If you have a dream of paddling in the north this summer, way north into the Canadian Shield, but vacation time is tight, then read on. It’s closer than you think.

Three hours north of Portland and seven miles south of Moosehead Lake lies the boreal gem of Shirley Bog. It really is like going north on a wilderness canoe trip. Instead of a five-week epic we enjoyed a meandering five-hour exploration into pure solitude.

The bog is three miles long, bisected with a narrow blue ribbon of water. You’ll see something you’ve never seen before. For us it occurred near the northern end of the bog.

A half-mile from the end we noted a curious yellow band bordering the shoreline. It seemed odd that a bog environment would have a long sandy beach. It didn’t. As we paddled closer, acres and acres of yellow pond lilies stretched toward shore, densely packed together. There were thousands of them. Their unique earthy aroma filled the cove.

From the put in you will see the hulking profile of Big Moose Mountain nine miles to the north. It will be your constant companion as you paddle up the bog, every paddle stroke bringing it closer to you. The bog features an expanse of open marsh grasses on each side of the water with the forest far removed on each side. Vast patches of watershield floated on the sides of the waterway. Up close the tightly packed clusters of leaves resembled a mosaic of scales on a green snake. As the wind swept down the channel the small lines of waves entering the pockets of watershield made them undulate and ripple magically. As always, Mother Nature is the greatest artist.

We paddled over to a small pocket of larch trees on our right lured by the call of the red heads of pitcher plants poking up around the skinny trees. They looked like large red lollipops sticking out of the grasses. My wife got busy with the camera taking numerous pictures of their intricate flower heads and red petals. Our canoe adventure had morphed into a photographic safari. Then the focus turned to the dainty round white flower heads of Labrador Tea. We made sure we got the identification right by turning over the pointed green leaves and confirming the rich brown color of the undersides of the leaves. Tiny spiked sundews got us back down on our hands and knees one last time.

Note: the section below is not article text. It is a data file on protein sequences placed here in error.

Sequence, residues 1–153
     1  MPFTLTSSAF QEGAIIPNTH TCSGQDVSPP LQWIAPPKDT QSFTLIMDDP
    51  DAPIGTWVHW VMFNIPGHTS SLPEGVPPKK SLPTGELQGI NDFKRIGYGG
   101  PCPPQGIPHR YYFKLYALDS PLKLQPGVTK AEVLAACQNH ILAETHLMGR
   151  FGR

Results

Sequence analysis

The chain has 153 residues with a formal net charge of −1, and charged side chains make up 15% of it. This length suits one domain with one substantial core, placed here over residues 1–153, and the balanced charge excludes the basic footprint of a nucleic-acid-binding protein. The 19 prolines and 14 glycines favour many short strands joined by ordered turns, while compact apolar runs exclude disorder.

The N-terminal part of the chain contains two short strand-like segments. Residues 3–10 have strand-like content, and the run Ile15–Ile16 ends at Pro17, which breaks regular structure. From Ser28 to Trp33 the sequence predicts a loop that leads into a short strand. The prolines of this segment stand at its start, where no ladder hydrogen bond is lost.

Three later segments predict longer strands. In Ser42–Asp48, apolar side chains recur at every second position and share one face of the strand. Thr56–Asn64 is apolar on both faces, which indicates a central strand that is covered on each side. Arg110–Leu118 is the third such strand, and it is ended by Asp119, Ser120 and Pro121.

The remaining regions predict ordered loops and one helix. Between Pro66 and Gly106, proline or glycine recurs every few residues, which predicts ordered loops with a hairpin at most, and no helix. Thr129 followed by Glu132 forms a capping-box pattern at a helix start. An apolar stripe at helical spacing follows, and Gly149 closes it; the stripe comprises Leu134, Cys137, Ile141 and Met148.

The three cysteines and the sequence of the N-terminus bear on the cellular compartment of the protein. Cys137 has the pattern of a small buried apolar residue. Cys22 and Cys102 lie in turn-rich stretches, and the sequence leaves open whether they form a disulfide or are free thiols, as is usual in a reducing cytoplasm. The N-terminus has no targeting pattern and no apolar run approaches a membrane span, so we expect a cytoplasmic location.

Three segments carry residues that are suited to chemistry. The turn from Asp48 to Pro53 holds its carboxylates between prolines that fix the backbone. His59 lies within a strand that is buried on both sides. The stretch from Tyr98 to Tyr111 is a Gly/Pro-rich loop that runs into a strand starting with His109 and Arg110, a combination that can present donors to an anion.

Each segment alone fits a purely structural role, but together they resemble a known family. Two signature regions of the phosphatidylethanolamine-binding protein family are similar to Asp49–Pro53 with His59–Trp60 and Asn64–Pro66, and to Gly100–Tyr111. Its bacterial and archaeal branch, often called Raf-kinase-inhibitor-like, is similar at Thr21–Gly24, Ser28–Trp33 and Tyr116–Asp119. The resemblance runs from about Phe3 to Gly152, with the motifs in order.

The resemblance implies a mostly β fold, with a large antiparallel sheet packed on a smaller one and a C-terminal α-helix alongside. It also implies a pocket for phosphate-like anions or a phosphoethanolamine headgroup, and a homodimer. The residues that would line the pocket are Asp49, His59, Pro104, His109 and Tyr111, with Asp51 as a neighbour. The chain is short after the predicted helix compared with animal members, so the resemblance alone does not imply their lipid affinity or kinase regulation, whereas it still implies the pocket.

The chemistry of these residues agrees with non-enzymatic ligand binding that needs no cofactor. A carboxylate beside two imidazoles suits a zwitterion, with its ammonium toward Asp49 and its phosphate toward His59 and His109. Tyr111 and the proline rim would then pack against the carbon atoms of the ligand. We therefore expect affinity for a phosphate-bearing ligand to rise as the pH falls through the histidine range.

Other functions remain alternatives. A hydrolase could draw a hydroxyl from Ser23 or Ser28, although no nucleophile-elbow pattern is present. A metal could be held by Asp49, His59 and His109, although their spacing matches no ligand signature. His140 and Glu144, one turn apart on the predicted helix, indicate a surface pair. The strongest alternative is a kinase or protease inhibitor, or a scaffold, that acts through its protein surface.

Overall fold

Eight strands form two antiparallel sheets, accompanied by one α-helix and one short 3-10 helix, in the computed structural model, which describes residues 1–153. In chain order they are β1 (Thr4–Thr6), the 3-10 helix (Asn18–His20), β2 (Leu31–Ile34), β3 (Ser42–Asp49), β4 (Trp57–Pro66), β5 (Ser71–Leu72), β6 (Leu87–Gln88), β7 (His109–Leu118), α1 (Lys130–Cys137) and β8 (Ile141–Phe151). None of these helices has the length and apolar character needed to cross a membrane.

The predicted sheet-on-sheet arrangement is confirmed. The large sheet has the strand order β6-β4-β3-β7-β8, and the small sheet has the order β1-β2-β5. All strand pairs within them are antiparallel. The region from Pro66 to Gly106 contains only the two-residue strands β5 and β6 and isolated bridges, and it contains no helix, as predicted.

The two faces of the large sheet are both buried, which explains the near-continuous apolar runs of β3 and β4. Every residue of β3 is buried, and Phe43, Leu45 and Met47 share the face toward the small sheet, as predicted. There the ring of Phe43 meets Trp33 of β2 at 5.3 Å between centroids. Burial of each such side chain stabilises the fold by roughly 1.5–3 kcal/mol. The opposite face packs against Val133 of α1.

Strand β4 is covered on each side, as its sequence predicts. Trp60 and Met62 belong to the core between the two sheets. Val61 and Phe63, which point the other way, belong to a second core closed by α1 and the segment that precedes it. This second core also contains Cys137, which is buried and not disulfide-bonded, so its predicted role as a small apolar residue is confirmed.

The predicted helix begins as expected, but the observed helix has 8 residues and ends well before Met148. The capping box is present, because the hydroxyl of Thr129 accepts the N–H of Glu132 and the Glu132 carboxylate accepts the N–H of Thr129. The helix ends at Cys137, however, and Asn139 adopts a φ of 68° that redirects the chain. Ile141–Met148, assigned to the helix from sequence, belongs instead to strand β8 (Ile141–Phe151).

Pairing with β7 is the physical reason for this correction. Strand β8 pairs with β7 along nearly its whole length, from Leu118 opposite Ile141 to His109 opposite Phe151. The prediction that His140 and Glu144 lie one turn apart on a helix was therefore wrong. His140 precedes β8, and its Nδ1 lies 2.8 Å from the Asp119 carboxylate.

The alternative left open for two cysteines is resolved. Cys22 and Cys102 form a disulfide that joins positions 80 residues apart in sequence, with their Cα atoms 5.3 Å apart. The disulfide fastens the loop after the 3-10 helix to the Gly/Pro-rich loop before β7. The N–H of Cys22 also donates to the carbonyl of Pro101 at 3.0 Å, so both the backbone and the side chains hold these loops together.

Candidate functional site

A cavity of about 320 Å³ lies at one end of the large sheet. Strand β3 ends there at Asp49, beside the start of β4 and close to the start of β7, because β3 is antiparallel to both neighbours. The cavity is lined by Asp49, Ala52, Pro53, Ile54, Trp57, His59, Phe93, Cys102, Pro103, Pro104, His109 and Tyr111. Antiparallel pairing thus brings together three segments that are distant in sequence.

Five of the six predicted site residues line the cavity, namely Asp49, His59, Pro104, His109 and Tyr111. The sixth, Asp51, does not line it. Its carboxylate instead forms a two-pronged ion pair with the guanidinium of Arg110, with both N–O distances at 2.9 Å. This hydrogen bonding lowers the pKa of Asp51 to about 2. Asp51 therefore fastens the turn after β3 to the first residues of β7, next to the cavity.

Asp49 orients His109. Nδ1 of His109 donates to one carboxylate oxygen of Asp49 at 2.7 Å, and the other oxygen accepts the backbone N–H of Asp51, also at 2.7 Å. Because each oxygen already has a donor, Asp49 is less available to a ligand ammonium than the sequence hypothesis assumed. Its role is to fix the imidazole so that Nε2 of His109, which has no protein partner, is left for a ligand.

Halfway up the winding channel we spied a granite outcropping sticking up out of the marsh grasses. We hoped the channel would bend to the left and take us up to it. It did. It was great to get out, lie on the ledge and look in all directions with the binoculars. To our south sat the elongated slope of Breakneck Ridge. A solitary osprey circled far above us. Patches of yellow and orange hawkweed, coupled with yellow dwarf dandelion, dotted the earthen pockets on the ledge. The cool breeze felt wonderful on our backs as the sun warmed our faces. Yes, indeed we had stumbled upon the perfect mid-July day. No heat, no humidity and a crisp blue sky.

On our way back down the channel we stopped again on the ledge to soak in the sun for an hour. At the end of the ledge we dropped into the clear water for a quick invigorating swim. We kicked up lots of organic matter from the shallows and brushed it off after we got back onto the ledge. The cool breeze and warm sun provided the perfect bath towel. We stalled as long as possible before heading back, intently gazing at all the distant views over and over to etch them into our memories.

Consult the Delorme Maine Atlas and Gazetteer (map #41) for help in getting to the town of Shirley via Route 6 and 15 north of Monson. Head west on the Upper Shirley Road through the village of Shirley. The road will turn to gravel west of the village. Follow it for two miles to the small bridge over the outlet stream of Shirley Bog. Put in here or at the adjacent primitive camping site.

Make sure to stop in Monson and poke around. This sleepy Appalachian Trail town is undergoing a significant makeover courtesy of the generosity of the Libra Foundation.

Old vacant storefronts are being rebuilt. Art galleries are opening. There is a new energy and can-do vibe in town.

Michael Perry is the former director of the L.L.Bean Outdoor Discovery Schools, and founder of Dreams Unlimited, specializing in inspiring outdoor slide programs for civic groups, businesses, and schools.

Contact: [email protected]